Starbucks Chief Executive Howard Schultz has been on the record in support of carefully raising the minimum wage, but on Wednesday he said the $15-per-hour figure proposed for Seattle could backfire on workers because small businesses are already struggling to stay afloat.
“I wouldn’t want to see the unintended consequences of job loss as a result of going that high,” Schultz told reporters after Starbucks’ annual shareholder meeting, adding that most small businesses, especially restaurants, are being squeezed by the high cost of food, energy and labor.
“That would not be the case at Starbucks, but I suspect that most companies, especially small and midsized companies, would not be able to afford it.”
The minimum-wage debate is gaining momentum in Seattle, where the city is considering calls to raise the hourly wage floor to $15, and nationally, with President Obama campaigning to reduce income inequality and lift the federal minimum wage.
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Starbucks offers its baristas perks that are rare in the restaurant industry, such as health care even for part-timers working more than 20 hours a week, stock options and a retirement plan.
But Schultz said mandating a high minimum wage hampers the “elasticity of any company’s ability to provide broad-based unusual benefits” such as those offered by Starbucks.
Schultz said that Starbucks employees are paid above the minimum wage, and taking into account the health and equity benefits plus the value of the 401(k) retirement plan it offers employees, “we’re paying significantly higher than $10 an hour.”
On stage with Oprah
Also on Wednesday, Schultz unveiled a new ally for the company, both in its efforts to do good and in its quest to become a major purveyor of tea: Oprah Winfrey.
Winfrey joined the Starbucks CEO on stage at McCaw Hall to announce the release of Teavana Oprah Chai Tea — a blend designed in part by the superstar. For each Oprah Chai product sold, the company will make a donation to her youth-education initiatives.
“You get a chai, you get a chai, you get a chai; everybody gets a chai,” Winfrey said, pointing to shareholders in the manner familiar to viewers of her TV show.
She sat in a white chair next to Schultz, who last December was a guest on Winfrey’s TV program but this time played the role of the interviewer. Shareholders, who have been riding high after a blockbuster year for the company, roared with delight.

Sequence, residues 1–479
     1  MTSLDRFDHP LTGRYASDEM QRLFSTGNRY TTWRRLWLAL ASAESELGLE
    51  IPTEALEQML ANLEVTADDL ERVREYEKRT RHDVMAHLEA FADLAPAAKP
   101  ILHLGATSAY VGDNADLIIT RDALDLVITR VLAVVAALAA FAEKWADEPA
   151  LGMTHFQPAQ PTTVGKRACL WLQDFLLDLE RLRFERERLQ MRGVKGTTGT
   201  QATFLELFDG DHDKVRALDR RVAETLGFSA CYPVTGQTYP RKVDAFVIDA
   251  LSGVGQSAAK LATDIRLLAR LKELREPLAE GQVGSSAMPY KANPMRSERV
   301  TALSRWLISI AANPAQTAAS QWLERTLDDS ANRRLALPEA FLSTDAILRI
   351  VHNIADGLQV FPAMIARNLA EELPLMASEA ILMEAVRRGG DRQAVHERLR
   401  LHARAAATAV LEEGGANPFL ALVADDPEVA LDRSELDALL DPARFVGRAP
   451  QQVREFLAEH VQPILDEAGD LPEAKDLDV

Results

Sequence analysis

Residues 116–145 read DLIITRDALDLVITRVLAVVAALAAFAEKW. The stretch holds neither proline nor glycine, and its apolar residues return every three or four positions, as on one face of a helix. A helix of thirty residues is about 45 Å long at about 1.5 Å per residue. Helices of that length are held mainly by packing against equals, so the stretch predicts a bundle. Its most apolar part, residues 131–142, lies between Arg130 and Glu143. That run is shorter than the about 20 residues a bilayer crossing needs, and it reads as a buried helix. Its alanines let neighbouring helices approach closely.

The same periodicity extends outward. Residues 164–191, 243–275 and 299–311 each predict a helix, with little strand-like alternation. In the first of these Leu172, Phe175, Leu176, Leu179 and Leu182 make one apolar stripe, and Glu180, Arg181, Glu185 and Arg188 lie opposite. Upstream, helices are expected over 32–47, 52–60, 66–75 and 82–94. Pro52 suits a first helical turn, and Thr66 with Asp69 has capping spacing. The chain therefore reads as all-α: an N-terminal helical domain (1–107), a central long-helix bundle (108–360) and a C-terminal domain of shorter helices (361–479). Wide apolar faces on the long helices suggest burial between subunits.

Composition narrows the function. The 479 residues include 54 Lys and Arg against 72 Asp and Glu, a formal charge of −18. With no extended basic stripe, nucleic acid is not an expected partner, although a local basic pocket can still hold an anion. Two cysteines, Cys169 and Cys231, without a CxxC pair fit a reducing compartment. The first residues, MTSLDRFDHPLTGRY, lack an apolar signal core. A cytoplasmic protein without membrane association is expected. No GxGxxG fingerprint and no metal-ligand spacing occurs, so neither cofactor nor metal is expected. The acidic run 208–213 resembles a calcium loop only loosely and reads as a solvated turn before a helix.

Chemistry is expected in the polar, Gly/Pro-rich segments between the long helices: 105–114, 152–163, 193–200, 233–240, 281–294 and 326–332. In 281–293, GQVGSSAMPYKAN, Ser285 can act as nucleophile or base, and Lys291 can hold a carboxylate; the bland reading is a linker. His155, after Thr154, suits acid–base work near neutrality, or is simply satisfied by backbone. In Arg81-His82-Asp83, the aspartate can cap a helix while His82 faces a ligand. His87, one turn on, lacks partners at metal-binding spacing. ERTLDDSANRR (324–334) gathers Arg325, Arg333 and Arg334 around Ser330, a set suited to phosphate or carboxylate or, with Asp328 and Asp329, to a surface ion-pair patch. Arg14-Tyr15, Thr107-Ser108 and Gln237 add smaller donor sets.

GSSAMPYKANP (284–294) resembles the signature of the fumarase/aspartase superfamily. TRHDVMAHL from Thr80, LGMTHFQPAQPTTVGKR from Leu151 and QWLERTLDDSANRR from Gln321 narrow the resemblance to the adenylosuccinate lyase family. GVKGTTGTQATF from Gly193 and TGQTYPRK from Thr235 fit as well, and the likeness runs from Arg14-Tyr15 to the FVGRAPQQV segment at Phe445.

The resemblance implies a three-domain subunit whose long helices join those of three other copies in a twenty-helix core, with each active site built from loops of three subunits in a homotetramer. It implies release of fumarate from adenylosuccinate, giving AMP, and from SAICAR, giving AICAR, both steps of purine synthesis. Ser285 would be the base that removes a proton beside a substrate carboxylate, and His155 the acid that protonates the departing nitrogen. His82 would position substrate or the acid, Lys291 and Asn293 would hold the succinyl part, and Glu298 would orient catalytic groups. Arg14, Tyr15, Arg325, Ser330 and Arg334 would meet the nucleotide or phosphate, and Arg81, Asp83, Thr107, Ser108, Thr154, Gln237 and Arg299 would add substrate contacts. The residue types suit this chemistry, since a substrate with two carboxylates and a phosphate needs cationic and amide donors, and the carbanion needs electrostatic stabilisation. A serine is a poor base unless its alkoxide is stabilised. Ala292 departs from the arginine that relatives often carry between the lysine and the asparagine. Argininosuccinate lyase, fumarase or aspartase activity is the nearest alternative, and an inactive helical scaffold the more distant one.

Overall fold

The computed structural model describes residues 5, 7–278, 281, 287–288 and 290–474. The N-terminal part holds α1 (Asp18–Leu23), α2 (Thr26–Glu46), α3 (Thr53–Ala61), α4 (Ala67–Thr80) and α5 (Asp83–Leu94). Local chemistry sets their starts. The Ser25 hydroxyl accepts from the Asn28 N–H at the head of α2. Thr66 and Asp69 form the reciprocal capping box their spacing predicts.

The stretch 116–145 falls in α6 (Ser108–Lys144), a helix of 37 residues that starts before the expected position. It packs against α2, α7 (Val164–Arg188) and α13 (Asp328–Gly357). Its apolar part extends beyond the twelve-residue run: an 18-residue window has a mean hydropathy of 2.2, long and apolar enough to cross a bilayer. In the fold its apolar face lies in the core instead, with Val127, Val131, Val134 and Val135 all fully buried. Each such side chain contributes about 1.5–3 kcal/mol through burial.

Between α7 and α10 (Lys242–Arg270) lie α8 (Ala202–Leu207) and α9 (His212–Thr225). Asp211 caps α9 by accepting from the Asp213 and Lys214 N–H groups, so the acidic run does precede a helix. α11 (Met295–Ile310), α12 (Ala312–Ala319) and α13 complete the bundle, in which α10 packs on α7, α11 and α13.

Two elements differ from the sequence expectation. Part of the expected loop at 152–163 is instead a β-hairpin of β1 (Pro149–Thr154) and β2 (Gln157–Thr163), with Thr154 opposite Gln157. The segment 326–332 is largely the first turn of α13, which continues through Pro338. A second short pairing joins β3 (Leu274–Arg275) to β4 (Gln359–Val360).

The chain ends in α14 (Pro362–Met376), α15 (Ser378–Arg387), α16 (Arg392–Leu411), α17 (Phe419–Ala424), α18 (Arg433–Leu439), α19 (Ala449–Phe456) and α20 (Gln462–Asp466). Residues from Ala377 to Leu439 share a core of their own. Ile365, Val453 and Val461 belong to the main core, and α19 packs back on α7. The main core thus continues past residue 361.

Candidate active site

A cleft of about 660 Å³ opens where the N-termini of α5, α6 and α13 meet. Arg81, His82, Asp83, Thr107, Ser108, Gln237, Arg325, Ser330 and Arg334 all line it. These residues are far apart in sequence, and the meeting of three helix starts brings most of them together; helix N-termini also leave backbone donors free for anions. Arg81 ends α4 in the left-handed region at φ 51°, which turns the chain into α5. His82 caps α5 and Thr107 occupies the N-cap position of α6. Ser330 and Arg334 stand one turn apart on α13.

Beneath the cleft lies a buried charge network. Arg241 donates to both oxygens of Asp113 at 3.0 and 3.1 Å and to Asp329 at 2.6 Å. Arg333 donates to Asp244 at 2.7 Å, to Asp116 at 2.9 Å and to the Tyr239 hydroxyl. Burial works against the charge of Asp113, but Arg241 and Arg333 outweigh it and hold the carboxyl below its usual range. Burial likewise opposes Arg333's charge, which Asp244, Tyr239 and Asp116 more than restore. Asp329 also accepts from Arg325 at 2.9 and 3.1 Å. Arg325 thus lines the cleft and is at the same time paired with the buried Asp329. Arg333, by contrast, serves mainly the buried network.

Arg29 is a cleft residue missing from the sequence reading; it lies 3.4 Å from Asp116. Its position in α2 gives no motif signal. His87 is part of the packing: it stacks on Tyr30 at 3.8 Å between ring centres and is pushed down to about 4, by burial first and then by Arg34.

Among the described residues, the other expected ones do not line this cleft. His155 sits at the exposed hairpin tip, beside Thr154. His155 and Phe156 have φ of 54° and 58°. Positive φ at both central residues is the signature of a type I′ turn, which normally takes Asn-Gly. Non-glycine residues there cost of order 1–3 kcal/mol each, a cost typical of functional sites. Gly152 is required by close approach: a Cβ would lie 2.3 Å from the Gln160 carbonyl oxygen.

The tea blend will be available in Starbucks and Teavana stores in the U.S. and Canada starting April 29.
Starbucks’ deal with Winfrey comes as the Seattle coffee giant seeks to reassure investors that it can keep growing. On Wednesday, Schultz said the company can attain a market capitalization of $100 billion, up from about $57 billion now.
But for that, Starbucks needs new markets, and tea represents a $90 billion market where the company can innovate in the same way it transformed the coffee market, company executives say.
In 2012 Starbucks acquired Teavana, a fine-teas retailer with hundreds of stores in malls; recently Starbucks opened Teavana-branded tea bars in New York and Seattle, and the company intends to open similar venues this year in Chicago, Los Angeles and other parts of New York City.
Winfrey’s presence at the shareholder meeting, a highly produced affair that always features energetic speeches and live performances, helped drive the point home to shareholders. Schultz told reporters afterward that the partnership with Winfrey was a “significant catalyst for Teavana and the tea category in Starbucks.”
Shares rose 1.8 percent to $75.91 Wednesday, a day when the Dow Jones industrial average fell 0.7 percent.
“Oprah and Howard, how can they lose?” said Lynn Gracey, a longtime Starbucks shareholder from Lakewood, adding that he and his wife had gotten “their money’s worth” from the meeting.
There were nearly 3,000 shareholders in attendance on Wednesday, and along with company staffers they filled McCaw Hall at Seattle Center. There Starbucks stressed its optimistic growth outlook.
“We’ve only begun to scratch the surface — the opportunity is truly massive,” Chief Operating Officer Troy Alstead said.
Alstead restated the company’s long-term target of growing revenue by 10 percent annually.
The company also unveiled new data highlighting the rapid growth of its mobile payments platform, a key element in the company’s strategy to capitalize on what Schultz described as a “seismic shift” in consumer behavior toward online shopping.
Chief digital officer Adam Brotman said 14 percent of payments in U.S. stores are now made with mobile devices.
He added that before the end of the year the company plans to test letting mobile users order ahead, using the app. Mobile devices are key for Starbucks because they let coffee drinkers tie together the use of Starbucks gift cards and the company’s growing loyalty program.
Schultz told reporters that the company’s growing expertise in mobile payments — with 5 million mobile transactions weekly — was being looked at with interest by technology companies and other retailers, and could at some point provide new opportunities for Starbucks.
“A combination of blue chip tech companies as well as leading retailers have come to us” to talk about how Starbucks’ adoption of mobile payments and the leading position it occupies in the space can be integrated into those companies’ mobile payment initiatives, he said.
“We have a long way to go,” he said, adding that “there clearly is an opportunity over the long term to significantly create some form of monetization beyond what we’re doing today.”
Ángel González: 206-464-2250 or firstname.lastname@example.org. On Twitter: @gonzalezseattle